Palm Futures Downturn Yet to Touch Botton Level

THE Kuala Lumpur CPO futures market had a big fall last week.

The benchmark November 2009 contract plunged to a five-week low of RM2,197, and there was where it settled last Friday, down a whopping RM169 or 7.14 per cent over the week.

The catalyst was China, or rather the slew of bad news coming from the nation, which unnerved world equity and commodity markets overall.

The principal bit of bad news was the plunge on the Shanghai stock market, seen as a leading indicator of the Chinese economy. China’s benchmark stock market has fallen by 22 per cent in August and indications thus far this month are for more downside ahead.

Statistics show that China’s import of commodities – particularly iron ore and other base metals, have dropped sharply in past months. This in turn has rattled world equities and commodity markets concerned over prospects for global economic recovery.

Crude oil dipped below the US$70 mark (RM247), down to US$68 (RM240) a barrel.

But what spooked world grains and edible oil markets in particular was a report that China’s state-owned companies may default on commodity derivative contracts with six foreign banks providing over-the-counter hedging services. The report appeared in Caijing magazine quoting an unnamed industry source in an article published Saturday.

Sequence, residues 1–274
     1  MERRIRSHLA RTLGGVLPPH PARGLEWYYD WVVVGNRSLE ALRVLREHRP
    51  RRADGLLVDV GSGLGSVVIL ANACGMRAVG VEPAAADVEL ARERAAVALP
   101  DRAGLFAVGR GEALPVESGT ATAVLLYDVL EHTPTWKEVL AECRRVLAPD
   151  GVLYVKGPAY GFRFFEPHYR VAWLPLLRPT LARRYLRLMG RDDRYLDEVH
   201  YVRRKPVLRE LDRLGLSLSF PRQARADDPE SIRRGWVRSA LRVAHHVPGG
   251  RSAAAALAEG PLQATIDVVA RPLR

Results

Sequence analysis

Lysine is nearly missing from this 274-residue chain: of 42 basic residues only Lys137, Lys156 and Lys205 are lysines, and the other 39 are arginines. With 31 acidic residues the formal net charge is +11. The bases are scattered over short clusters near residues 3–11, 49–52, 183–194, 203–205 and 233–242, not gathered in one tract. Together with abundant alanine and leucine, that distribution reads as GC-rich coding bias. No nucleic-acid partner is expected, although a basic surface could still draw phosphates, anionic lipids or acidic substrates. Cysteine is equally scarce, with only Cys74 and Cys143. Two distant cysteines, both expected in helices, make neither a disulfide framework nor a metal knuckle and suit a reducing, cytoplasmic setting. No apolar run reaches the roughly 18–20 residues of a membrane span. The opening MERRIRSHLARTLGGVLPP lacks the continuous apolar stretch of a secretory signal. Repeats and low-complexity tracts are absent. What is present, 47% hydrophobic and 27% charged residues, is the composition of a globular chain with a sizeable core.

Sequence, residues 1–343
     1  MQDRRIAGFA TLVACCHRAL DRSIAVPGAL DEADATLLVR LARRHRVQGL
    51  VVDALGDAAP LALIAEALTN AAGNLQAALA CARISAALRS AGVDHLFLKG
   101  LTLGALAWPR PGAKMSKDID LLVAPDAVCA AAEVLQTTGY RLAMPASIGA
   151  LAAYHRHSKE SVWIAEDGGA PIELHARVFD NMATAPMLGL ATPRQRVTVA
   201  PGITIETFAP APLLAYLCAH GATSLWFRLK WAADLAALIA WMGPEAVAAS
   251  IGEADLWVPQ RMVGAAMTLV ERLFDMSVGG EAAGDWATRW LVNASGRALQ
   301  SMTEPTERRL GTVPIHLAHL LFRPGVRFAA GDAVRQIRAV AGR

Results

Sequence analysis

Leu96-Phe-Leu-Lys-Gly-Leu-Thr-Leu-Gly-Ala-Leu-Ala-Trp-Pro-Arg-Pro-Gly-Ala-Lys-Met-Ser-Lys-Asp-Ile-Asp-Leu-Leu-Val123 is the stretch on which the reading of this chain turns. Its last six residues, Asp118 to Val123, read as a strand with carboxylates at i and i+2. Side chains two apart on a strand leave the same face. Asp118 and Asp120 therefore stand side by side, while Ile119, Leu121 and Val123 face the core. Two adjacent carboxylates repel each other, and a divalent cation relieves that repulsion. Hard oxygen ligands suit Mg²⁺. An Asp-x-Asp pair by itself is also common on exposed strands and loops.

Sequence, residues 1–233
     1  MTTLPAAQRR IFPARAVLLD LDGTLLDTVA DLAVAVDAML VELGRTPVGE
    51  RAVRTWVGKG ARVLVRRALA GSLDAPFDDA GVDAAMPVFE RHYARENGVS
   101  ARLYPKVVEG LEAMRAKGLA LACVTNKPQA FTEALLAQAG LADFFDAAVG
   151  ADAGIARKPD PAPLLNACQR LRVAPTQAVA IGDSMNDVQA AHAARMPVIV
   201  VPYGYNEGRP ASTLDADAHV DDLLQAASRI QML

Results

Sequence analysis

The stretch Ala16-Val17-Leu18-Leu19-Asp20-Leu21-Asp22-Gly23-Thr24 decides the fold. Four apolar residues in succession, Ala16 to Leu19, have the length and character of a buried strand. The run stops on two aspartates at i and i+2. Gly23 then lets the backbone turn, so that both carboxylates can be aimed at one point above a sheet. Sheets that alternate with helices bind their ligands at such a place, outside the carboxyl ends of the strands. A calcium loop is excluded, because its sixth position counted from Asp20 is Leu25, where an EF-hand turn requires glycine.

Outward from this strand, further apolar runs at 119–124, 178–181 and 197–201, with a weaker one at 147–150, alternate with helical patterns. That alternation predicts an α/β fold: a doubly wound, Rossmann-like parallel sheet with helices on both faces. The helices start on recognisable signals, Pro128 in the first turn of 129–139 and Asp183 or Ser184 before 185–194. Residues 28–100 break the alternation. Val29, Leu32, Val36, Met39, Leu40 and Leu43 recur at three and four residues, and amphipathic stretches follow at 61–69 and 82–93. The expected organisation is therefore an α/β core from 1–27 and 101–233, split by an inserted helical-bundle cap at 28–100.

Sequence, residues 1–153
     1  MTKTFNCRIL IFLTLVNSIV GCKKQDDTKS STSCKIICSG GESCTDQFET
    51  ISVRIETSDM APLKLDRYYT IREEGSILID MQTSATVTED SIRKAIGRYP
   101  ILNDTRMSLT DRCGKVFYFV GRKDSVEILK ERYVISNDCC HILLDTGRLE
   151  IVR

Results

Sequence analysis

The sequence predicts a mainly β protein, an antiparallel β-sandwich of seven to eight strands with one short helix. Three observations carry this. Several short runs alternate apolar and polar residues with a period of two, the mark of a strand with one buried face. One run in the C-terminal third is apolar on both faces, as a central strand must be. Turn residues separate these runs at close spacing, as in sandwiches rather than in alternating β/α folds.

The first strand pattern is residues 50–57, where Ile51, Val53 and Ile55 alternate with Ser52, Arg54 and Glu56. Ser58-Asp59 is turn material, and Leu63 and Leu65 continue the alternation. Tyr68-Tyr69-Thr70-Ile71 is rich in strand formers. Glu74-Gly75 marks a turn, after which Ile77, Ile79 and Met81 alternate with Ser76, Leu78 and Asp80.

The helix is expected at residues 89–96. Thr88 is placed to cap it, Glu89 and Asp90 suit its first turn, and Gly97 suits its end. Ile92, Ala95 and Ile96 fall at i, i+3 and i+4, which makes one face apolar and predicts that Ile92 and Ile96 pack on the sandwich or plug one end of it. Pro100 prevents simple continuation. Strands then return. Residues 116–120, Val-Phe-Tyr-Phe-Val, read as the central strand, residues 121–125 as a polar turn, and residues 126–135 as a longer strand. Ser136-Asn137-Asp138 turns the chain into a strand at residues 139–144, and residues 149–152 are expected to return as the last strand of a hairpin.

China is the No.1 buyer of US and South American soyabeans. The upshot was that US soyabean and soyabean oil futures markets went into a deep swoon, and the Kuala Lumpur CPO market felt the knock-on effect.

Conclusion: The technicals indicate that the bottom to the present downturn in price has not been reached yet.

HOW TO USE THE CHARTS AND INDICATORS

THE BAR AND VOLUME CHART: This is the daily high, low and settlement prices of the most actively traded basis month of the crude palm oil futures contract. Basically, rising prices accompanied by rising volumes would indicate a bull market.

THE MOMENTUM INDEX: This line plots the short/medium-term direction of the market and may be interpreted as follows:

(a) The market is in an upward direction when the line closes above the neutral straight line and is in a downward direction when the reverse is the case.

(b) A loss in the momentum of the line (divergence) when prices are still heading up or down normally indicates that the market could expect a technical correction or a reversal in the near future.

THE RELATIVE STRENGTH INDEX: This indicator is most useful when plotted in conjunction with a daily bar chart and may be interpreted as follows:

(a) Overbought and oversold positions are indicated when the index goes above or below the upper and lower dotted lines.

(b) Support and resistance often show up clearly before becoming apparent on the bar chart.

(c) Divergence between the index and price action on the chart is a very strong indication that a market turning point is imminent.

The subject expressed above is based purely on technical analysis and opinions of the writer. It is not a solicitation to buy or sell.

Source : Business Times

Leave a Reply